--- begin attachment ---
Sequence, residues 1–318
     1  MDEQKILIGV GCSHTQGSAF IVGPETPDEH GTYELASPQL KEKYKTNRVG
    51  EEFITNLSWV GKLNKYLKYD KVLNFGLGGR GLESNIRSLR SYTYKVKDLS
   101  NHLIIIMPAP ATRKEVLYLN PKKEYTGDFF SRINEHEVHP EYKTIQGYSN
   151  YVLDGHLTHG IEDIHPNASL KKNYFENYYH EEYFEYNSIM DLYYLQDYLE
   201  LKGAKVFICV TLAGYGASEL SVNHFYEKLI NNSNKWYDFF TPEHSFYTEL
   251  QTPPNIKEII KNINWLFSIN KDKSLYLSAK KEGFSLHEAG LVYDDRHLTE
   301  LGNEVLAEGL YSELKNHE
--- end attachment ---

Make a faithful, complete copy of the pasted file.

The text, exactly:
Sequence, residues 1–318
     1  MDEQKILIGV GCSHTQGSAF IVGPETPDEH GTYELASPQL KEKYKTNRVG
    51  EEFITNLSWV GKLNKYLKYD KVLNFGLGGR GLESNIRSLR SYTYKVKDLS
   101  NHLIIIMPAP ATRKEVLYLN PKKEYTGDFF SRINEHEVHP EYKTIQGYSN
   151  YVLDGHLTHG IEDIHPNASL KKNYFENYYH EEYFEYNSIM DLYYLQDYLE
   201  LKGAKVFICV TLAGYGASEL SVNHFYEKLI NNSNKWYDFF TPEHSFYTEL
   251  QTPPNIKEII KNINWLFSIN KDKSLYLSAK KEGFSLHEAG LVYDDRHLTE
   301  LGNEVLAEGL YSELKNHE